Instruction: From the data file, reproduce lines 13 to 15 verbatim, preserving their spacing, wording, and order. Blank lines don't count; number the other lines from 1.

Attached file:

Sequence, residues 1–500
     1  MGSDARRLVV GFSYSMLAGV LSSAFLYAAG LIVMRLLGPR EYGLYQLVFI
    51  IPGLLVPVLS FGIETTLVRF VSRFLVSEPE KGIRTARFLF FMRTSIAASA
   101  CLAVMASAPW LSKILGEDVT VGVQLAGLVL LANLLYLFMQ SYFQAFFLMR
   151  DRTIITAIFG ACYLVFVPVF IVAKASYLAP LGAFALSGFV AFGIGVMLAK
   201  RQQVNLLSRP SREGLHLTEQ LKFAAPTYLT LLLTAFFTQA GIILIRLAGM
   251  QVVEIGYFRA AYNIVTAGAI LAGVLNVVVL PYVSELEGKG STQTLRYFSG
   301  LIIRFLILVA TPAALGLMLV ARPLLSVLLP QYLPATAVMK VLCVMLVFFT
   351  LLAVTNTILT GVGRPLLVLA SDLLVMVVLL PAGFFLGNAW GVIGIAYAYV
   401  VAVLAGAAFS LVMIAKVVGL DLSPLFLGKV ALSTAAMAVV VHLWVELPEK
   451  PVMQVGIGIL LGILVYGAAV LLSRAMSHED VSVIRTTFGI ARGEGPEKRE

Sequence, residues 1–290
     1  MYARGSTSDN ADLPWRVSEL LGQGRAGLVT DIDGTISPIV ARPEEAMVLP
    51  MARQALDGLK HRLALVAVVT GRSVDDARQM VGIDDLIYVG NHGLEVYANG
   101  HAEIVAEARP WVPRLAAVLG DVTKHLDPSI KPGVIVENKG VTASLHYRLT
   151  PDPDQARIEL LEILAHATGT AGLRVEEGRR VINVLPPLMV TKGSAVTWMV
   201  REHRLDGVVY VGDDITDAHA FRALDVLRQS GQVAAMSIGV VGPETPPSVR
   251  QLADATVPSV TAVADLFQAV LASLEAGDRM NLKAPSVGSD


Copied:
     1  MYARGSTSDN ADLPWRVSEL LGQGRAGLVT DIDGTISPIV ARPEEAMVLP
    51  MARQALDGLK HRLALVAVVT GRSVDDARQM VGIDDLIYVG NHGLEVYANG
   101  HAEIVAEARP WVPRLAAVLG DVTKHLDPSI KPGVIVENKG VTASLHYRLT